Looking within can indeed have the potential for healing, which is precisely what the new initiative strives to do by slowing down the frantic pace in which we govern our lives and creating a slower frame of mind.
“[Art] shifts your focus,” Zakian said. “We all live our lives too fast, we all do everything too quickly, we all want everything right away, and this process of slow looking allows you to enter another mental space.”
Zakian recalled an experience when he engaged in close and slow looking at a work of art while he was an undergraduate at Columbia interning at the Hirshhorn Museum in Washington D.C. and visited the nearby Smithsonian American Art Museum. Greeted by a painting by abstract expressionist Milton Resnick — a series of swirls and loops of color in a field, a sort of abstracted version of Monet’s “Water Lilies” — he soon found himself standing still in front of the painting for 20 minutes.
“Something clicked at that moment,” Zakian said. “It’s how you really look at art.”
In addition to cultivating a sense of stillness and introspection, Zakian said the new initiative strives to make museums a place for connection and dialogue among students, thus fostering a sense of community.
Zakian added that when he spoke to Horton about the initiative, she said many students who visit the Counseling Center feel a sense of isolation despite having roommates and friends. This points toward a lack of emotional connection that could be partially remedied by dialogue about works that represent different points of view and urge the viewers to converse with one another.
Shows like the Weisman’sexhibition this past fall are conducive to representing a variety of points of view from different artists in which students can engage in dialogue. Zakian acknowledged the difficulty of single-artist shows — like the current Richard — in creating meaningful discourse in which students can participate.
“When we have a group show, we might have 50 works of art by 50 different artists,” Zakian said. “Each one represents a different perspective, a different worldview, a different way of looking at reality. You may agree with their point of view, you may not. You may find some interesting, some not, and that’s OK. But it’s taking the time to look and think and reflect that is a positive experience that person will always have with them.”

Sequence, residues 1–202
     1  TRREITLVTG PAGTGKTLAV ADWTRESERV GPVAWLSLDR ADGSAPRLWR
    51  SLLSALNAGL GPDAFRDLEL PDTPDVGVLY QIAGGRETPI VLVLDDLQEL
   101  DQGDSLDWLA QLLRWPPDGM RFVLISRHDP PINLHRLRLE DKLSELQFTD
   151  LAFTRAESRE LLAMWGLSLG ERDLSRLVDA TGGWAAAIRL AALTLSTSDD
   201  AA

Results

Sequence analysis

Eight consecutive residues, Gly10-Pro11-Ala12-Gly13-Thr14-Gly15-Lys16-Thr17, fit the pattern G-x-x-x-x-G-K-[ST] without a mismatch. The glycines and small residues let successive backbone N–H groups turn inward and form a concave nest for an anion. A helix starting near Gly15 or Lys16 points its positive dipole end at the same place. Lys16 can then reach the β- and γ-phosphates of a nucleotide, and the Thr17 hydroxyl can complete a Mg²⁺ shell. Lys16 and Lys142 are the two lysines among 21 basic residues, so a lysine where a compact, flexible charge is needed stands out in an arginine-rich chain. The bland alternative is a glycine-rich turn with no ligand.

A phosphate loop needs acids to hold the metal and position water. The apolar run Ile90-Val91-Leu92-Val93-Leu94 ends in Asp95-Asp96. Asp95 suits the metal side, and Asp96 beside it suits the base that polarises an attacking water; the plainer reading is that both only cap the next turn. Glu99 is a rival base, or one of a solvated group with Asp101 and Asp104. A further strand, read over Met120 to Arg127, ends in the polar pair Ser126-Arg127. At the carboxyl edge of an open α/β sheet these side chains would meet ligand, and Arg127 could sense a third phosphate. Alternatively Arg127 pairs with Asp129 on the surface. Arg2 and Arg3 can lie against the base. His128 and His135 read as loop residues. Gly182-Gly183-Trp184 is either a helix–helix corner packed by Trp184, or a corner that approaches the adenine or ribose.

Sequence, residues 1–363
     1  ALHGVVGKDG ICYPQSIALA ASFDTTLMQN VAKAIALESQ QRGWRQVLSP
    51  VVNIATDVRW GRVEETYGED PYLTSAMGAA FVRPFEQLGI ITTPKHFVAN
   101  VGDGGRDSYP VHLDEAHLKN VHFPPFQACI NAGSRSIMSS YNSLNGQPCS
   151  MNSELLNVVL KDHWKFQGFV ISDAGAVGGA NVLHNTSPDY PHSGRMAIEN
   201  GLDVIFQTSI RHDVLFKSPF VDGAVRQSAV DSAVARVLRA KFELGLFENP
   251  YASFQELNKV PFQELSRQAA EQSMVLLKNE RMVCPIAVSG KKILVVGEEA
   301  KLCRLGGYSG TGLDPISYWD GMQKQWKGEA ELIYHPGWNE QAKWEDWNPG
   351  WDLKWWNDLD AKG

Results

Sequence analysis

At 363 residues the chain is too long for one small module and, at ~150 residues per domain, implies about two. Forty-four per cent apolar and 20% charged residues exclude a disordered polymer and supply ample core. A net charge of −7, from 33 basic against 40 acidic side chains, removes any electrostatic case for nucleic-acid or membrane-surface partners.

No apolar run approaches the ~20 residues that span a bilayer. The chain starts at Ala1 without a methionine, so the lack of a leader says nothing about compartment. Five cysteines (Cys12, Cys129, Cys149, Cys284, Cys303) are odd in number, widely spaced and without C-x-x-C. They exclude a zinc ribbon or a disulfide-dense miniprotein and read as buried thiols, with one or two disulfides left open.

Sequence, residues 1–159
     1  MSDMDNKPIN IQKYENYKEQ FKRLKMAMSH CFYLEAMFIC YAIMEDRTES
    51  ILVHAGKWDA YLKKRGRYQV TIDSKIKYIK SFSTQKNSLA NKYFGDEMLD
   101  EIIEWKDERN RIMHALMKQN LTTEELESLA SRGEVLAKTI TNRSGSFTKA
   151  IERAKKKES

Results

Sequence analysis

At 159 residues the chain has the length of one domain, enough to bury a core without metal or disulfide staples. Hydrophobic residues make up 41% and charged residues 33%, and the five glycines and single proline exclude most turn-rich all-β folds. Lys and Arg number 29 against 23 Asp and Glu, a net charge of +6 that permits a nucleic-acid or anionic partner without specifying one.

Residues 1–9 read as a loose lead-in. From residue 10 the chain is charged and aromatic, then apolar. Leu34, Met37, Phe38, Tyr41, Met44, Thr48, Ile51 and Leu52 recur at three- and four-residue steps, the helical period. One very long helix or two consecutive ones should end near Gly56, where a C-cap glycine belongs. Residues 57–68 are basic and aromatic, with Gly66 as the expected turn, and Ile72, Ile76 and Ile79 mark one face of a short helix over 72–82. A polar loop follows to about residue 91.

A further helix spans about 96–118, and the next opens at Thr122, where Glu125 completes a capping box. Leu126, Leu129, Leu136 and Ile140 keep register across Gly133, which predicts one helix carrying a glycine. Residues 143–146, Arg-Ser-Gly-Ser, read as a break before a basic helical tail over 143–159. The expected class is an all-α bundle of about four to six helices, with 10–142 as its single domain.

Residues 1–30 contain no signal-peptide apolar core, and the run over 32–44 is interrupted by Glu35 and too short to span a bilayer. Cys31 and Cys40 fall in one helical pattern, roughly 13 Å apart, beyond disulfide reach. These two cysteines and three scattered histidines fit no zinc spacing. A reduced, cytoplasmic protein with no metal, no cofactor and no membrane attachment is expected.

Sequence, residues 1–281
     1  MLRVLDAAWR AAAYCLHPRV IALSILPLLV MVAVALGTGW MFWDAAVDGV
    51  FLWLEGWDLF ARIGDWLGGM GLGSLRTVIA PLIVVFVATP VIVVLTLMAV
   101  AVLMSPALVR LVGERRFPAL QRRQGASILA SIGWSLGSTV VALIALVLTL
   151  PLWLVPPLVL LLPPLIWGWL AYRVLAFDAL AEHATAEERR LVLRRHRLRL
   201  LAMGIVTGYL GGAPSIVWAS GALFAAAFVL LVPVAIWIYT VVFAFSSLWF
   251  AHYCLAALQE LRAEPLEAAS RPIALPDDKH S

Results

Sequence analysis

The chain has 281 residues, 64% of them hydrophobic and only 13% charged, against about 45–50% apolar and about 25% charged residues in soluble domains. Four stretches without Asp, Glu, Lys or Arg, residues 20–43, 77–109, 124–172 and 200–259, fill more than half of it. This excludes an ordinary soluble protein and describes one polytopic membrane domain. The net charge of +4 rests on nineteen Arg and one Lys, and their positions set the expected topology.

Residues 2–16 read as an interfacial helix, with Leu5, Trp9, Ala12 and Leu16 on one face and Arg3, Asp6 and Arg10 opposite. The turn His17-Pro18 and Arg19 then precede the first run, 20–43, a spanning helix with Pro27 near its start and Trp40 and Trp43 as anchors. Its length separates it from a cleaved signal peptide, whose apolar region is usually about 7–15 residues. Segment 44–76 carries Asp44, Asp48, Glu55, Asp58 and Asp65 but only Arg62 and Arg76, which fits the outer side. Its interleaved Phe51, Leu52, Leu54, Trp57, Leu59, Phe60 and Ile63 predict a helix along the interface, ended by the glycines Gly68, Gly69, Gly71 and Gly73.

In today’s age, moments of stillness are punctuated by scrolling through Instagram, quickly, sometimes absentmindedly. Discussion of Instagram and digital culture might seem to devolve into a harangue against today’s youth, but there is a certain validity to how Zakian describes the way we consume visual culture.
“Today, people look at Instagram, and everything is way too fast,” Zakian said. “It’s [the way people look at things] unedited and indiscriminate.”
Beyond fostering a sense of slowness and conversation with one another, museums provide us with insight into people and civilizations across time, Zakian said.
“The nice thing about going to museums is that you’re looking at works that have been deemed generation by generation as the best of the best,” Zakian said. “That doesn’t mean that there aren’t other works out there that aren’t equally as good, but the museum is a good starting place for a sense of quality in terms of human civilization.”
Few may have a small flying pet squirrel on a gold chain coyly nibbling on a nut as in Copley’s portrait, but we can still discuss, learn, reflect and admire such works. Despite tinted windows, the Weisman Museum is open, and with the new initiative, it encourages students to slow down and think deeply to begin whatever process of healing is needed in their lives.